Sunday, March 3, 2013

Lent 3

It has been an interesting week to be a Catholic.
Of course everybody who has access to any form of media
knows that Pope Benedict’s resignation from the papacy 
took effect on Thursday
and that the Church has entered a period of sedes vacans,
or the empty chair of Peter,
as we await the election of a new Pope by the college of Cardinals.

In my mind, this event is framed 
by two other events from this week:
on Monday the Scottish Cardinal Keith O’Brien resigned
amidst accusations of sexual misconduct with several priests,
and on Friday the Archdiocese of Baltimore issued a statement
that one of my brother deacons had been suspended from ministry
after his arrest for possession of child pornography.

Sad to say, for all too many people 
such news has ceased to be shocking,
because it has come to seem like business as usual 
from the Catholic Church.
And I find myself praying that God will seize this opportunity
to send us a leader who can make the Church into the kind of place
where at least such things regain their capacity to shock.

So what does the Word of God offer us today?
We hear in the Gospel the parable of the fig tree,
which for three years produces no fruit,
after which the owner of the orchard, 
justly and understandably frustrated,
tells the gardener to cut it down 
so that it will no longer deplete the soil.
But the gardener pleads with the owner 
to give the tree one more year,
during which he will tend it and fertilize it.

Early Christian interpreters such as St. Augustine
saw the parable as a warning to Christians that,
while we have been granted another season of grace
in which to bear the fruit of good works,
a day of judgment and reckoning is coming
for those whose lives remain barren.

But perhaps this parable 
is not just about us as individuals,
but also about us as a Church.
Events not just this week but over the past ten years
have led me often to wonder whether our Church
has become like the fig tree,
exhausting the soil around it
while producing no fruit but scandal upon scandal,
sucking life from the world
and offering nothing in return but one more excuse
for the cynicism that so pervades modern life.
Is time running out for our Church to bear good fruit?
Could the day arrive when God decides 
that the time has come to cut it down?
Christ said that the gates of hell 
would not prevail against his Church,
but we must also remember the words of St. Paul:
“whoever thinks he is standing secure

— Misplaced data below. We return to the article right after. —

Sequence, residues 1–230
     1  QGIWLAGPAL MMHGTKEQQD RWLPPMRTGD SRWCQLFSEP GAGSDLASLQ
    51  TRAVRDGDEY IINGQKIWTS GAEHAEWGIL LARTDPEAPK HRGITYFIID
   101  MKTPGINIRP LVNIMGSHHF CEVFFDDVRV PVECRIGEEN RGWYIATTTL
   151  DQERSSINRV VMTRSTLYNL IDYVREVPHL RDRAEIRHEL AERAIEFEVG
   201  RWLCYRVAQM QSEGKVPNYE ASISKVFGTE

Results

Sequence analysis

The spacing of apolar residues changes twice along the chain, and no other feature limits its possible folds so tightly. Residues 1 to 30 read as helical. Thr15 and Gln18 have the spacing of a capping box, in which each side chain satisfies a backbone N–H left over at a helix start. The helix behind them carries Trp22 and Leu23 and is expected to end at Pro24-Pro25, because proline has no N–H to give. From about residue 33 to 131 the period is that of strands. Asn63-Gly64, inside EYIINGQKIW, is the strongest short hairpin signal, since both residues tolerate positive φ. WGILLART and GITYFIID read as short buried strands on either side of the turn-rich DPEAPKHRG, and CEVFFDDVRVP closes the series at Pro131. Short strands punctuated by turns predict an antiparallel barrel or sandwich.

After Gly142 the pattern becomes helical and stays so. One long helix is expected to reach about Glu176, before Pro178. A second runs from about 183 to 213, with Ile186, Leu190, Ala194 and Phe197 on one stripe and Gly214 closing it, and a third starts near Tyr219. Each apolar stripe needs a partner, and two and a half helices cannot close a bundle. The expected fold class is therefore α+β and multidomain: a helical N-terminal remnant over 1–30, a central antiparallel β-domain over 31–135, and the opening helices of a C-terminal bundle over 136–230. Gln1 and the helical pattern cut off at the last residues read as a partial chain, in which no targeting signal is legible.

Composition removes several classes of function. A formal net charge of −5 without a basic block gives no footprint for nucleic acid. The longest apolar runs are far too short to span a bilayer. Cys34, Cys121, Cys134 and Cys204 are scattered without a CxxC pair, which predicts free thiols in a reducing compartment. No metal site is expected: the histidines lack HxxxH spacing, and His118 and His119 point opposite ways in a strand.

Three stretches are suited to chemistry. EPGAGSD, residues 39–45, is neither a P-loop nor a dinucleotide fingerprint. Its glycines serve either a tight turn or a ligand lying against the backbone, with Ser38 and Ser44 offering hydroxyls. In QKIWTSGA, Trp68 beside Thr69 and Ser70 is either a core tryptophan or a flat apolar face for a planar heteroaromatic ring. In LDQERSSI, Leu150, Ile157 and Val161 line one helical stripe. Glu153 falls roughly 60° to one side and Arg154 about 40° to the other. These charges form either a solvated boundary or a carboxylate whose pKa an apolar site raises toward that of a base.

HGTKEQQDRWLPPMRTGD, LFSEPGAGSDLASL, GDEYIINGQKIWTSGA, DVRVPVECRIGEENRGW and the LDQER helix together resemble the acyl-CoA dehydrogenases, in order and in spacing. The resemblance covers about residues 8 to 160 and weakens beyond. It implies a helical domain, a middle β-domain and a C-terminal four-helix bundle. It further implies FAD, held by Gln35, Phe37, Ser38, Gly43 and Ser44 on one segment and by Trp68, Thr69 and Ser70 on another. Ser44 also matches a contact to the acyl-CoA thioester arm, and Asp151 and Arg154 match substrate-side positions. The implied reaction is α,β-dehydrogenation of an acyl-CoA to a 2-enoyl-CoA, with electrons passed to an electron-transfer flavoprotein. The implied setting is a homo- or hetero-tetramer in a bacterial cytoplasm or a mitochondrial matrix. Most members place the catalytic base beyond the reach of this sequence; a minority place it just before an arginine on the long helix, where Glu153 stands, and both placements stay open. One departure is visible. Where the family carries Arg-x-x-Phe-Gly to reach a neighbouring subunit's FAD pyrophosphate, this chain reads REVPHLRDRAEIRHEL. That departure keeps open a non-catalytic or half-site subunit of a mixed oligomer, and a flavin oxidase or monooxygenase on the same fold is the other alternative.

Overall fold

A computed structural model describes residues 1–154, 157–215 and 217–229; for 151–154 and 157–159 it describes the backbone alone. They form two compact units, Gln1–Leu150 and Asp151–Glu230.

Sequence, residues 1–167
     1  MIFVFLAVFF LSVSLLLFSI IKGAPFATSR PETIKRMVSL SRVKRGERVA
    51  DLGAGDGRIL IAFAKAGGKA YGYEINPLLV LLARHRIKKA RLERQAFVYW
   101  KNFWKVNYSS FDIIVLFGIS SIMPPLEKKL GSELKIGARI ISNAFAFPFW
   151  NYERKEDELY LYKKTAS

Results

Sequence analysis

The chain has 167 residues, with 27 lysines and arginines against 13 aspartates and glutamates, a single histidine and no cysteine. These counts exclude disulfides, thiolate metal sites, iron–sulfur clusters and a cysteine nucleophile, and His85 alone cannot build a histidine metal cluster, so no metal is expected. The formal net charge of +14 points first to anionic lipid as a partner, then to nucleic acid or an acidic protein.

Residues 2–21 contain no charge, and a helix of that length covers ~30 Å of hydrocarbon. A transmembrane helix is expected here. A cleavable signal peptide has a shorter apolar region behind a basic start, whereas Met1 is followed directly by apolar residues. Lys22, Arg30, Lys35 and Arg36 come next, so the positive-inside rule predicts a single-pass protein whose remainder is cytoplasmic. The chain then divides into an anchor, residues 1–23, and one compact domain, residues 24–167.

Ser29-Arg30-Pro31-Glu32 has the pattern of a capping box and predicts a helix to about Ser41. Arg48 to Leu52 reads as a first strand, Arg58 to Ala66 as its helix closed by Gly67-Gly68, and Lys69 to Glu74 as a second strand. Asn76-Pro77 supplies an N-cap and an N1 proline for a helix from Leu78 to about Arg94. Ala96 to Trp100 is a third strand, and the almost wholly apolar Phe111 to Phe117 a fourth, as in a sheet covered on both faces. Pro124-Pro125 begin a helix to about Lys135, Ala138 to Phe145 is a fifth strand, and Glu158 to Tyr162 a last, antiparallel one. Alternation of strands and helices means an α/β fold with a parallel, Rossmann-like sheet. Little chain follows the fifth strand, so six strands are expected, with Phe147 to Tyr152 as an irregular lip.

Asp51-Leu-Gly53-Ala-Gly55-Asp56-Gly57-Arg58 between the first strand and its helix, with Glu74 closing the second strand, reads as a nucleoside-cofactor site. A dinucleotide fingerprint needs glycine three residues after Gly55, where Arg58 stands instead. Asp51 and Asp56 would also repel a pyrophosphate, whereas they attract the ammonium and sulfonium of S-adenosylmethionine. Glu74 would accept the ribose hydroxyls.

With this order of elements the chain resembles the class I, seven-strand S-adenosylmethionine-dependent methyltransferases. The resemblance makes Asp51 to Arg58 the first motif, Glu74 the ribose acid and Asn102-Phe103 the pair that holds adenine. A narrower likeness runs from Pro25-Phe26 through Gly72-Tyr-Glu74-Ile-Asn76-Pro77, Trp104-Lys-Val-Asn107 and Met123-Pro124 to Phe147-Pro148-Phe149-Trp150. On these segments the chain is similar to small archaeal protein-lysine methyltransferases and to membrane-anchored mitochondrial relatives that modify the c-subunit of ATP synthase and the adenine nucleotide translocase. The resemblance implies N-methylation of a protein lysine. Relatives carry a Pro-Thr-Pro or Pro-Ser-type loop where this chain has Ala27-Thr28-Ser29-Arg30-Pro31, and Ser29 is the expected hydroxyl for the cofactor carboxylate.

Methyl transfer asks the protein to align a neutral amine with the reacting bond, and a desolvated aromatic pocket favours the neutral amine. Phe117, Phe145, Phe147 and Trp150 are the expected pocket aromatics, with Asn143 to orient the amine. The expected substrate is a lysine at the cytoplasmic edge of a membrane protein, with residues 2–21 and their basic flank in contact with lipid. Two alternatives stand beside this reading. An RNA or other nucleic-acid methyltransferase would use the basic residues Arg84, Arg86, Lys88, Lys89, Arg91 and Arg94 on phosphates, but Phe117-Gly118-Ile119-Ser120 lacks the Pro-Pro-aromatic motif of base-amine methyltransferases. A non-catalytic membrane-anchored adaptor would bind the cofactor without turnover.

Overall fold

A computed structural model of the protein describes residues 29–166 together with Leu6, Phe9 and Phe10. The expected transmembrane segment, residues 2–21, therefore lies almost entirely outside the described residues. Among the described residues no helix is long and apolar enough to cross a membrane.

should take care not to fall.”

These are dark thoughts to have on the eve of a papal election.
And they bring with them the temptation to think
that what is needed to fix the Church
is a Pope who fits with my particular agenda:
whether that is a Pope who will ordain women to the priesthood
or impose the Latin Mass on all parishes,
or change the Church’s teaching on contraception
or excommunicate all the bad Catholics.
These might be good ideas or bad ideas,
but a solution more radical than any of these is called for,
a solution that fits neither a “conservative” agenda nor a “liberal” one, 
a solution that is hinted at in the parable of the fig tree.

The gardener in the parable says
that he will cultivate the ground around the tree and fertilize it.
What our translation rather primly translates as “fertilizer”
is the Greek word kopria, which really means “excrement.”
A Pope from many centuries ago, Gregory the Great,
said, in reference to this parable, that the fertilizer that can make
the unfruitful tree of our souls fruitful once again
is the remembrance of the dung of our past sins;
the frank acknowledgement of the stench of our own misdeeds 
can pierce our hearts
and move us to begin bearing 
the fruit of good and godly deeds (Homily 31).

And what is true of us as individuals 
is just as true of us as a Church.
The Church must clear away all of the weeds that are choking it:
the desire to protect careers and images at all costs,
the denial that the world’s evils are found in the Church as well,
the denigration of any who would dare to call us to account.
The Church must be fertilized by facing up to the foulness of her failings,
and let her heart be pierced by the stench of her own sins,
so that we can in due season bear fruit
that will feed a world that is spiritually starving.

Perhaps our next Pope can help us to do this.
But the Church stands 
on the promise of Christ to remain with us,
not on the dream of a Pope 
who will fix everything that is wrong with us.
Still, we should pray in this time of sede vacans 
for God to send us a leader
who, like the gardener in the parable,
will cultivate and fertilize the Church with honest repentance.
And we should not only pray, but pray with confidence,
because we know that while our past is ours, and we must own it,
our future belongs to the God 
whose grace can make a barren fig tree fruitful
and make a desert bush burn with the fire of God’s presence,
the God whose Spirit, 
despite our best efforts to quench it,
still burns as a refiner’s fire within the Church, 
the living body of Christ.